Let me give a slightly more ML-focused perspective on the accepted answer.
Don't conflate training loss and decision loss – they're separate concepts even though the functions can be the same. It's easier to see this distinction in classification than regression.
So, let's say we're doing binary classification using logistic regression. The training loss is cross entropy / log loss (maybe with regularization). After the model is trained, we don't care about the training loss anymore.
At prediction time, our logistic regression model tells us $P(y|x)$. We need to translate this distribution into a single class. Do we just pick the class with the highest probability? Do we want to be extra careful about false positives? We formally encode these preferences into a decision loss, which allows us to optimally choose a single class from $P(y|x)$.
For a more academic exposition, I found "Pattern Recognition and Machine Learning" to have a great disambiguation of these two.
Determination of $p(x, t)$ from a set of training data is an example of
inference and is typically a very difficult problem whose solution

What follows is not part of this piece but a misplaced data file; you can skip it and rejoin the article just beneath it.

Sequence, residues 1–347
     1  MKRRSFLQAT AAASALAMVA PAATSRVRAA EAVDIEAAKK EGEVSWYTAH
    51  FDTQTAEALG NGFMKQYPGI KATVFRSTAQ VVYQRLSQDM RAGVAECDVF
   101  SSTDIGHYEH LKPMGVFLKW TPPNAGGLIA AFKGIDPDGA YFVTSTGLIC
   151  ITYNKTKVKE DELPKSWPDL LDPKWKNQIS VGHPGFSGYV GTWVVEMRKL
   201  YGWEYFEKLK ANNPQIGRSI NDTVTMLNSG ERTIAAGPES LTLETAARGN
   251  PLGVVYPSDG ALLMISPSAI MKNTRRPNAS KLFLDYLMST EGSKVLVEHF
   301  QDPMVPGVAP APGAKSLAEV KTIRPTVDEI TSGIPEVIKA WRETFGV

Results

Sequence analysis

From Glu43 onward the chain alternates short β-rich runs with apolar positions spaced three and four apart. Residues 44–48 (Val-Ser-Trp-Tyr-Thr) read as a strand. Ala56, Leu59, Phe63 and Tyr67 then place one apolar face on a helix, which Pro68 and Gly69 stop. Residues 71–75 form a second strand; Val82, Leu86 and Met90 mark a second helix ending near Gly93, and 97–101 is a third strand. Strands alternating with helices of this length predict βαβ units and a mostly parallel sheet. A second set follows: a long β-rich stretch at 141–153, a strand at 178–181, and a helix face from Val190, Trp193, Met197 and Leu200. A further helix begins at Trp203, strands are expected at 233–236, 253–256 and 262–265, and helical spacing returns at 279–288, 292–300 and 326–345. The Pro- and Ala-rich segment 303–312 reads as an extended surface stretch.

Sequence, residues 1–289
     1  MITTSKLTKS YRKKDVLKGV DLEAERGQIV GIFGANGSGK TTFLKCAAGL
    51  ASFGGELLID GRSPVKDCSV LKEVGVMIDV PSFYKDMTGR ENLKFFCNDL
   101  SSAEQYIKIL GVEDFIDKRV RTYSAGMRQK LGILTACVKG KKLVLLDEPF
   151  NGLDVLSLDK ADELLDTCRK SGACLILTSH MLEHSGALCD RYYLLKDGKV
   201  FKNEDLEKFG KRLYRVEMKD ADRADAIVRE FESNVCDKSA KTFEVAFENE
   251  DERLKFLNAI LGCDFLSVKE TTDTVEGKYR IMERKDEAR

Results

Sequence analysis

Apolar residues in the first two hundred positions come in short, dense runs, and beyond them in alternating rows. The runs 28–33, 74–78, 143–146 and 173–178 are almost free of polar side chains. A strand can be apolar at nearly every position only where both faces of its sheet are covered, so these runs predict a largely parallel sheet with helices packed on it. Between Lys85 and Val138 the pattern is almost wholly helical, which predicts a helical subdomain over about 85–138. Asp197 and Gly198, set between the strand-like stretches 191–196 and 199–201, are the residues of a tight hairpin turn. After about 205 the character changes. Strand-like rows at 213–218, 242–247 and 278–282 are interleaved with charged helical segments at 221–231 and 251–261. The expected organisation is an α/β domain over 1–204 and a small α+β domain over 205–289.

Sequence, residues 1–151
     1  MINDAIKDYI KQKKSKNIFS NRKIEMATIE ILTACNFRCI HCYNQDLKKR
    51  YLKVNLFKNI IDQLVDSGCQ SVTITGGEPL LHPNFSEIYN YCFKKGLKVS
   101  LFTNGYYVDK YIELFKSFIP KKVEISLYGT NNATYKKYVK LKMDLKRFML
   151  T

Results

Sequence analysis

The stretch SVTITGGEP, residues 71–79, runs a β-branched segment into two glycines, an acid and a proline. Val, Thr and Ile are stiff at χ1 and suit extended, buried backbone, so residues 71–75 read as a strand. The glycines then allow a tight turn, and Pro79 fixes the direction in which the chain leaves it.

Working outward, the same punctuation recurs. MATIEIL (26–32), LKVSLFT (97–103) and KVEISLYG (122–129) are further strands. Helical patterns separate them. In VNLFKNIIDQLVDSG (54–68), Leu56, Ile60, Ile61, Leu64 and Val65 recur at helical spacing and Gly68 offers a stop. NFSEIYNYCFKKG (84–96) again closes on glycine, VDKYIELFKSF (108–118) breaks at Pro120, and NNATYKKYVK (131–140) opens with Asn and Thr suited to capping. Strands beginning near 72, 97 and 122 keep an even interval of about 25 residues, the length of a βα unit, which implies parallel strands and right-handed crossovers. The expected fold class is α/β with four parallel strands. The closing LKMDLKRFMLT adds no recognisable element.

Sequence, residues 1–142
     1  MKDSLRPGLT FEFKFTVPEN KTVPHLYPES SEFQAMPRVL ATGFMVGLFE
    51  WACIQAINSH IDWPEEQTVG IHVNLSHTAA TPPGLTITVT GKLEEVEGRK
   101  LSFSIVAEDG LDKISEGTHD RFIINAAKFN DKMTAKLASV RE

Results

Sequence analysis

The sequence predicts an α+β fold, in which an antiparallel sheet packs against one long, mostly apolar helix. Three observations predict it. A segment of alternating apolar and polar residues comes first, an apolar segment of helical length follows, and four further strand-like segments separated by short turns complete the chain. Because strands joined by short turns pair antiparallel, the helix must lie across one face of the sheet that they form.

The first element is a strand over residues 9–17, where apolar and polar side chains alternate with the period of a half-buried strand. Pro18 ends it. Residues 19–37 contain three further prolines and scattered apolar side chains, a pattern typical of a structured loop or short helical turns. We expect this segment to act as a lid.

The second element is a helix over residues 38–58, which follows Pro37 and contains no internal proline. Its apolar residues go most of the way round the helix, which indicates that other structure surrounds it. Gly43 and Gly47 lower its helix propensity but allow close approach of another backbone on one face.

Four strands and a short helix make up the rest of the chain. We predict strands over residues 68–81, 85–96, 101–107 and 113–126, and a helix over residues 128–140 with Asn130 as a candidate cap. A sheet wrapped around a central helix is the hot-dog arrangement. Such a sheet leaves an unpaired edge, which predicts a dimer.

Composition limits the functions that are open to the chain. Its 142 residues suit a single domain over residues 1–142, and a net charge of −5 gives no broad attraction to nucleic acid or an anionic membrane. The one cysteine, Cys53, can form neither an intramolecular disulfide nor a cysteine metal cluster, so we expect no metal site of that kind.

forms the subject of much of this book. In a practical application,
however, we must often make a specific prediction for the value of $t$,
and this aspect is the subject of decision theory.... We shall see that the decision stage is generally very simple, even trivial, once we have solved the inference problem.
It is worth distinguishing between the squared loss function arising
from decision theory and the sum-of-squares error function that arose
in the maximum likelihood estimation of model parameters. We might
use more sophisticated techniques than least squares, for example
regularization or a fully Bayesian approach, to determine the
conditional distribution $p(t|x)$. These can all be combined with the
squared loss function for the purpose of making predictions.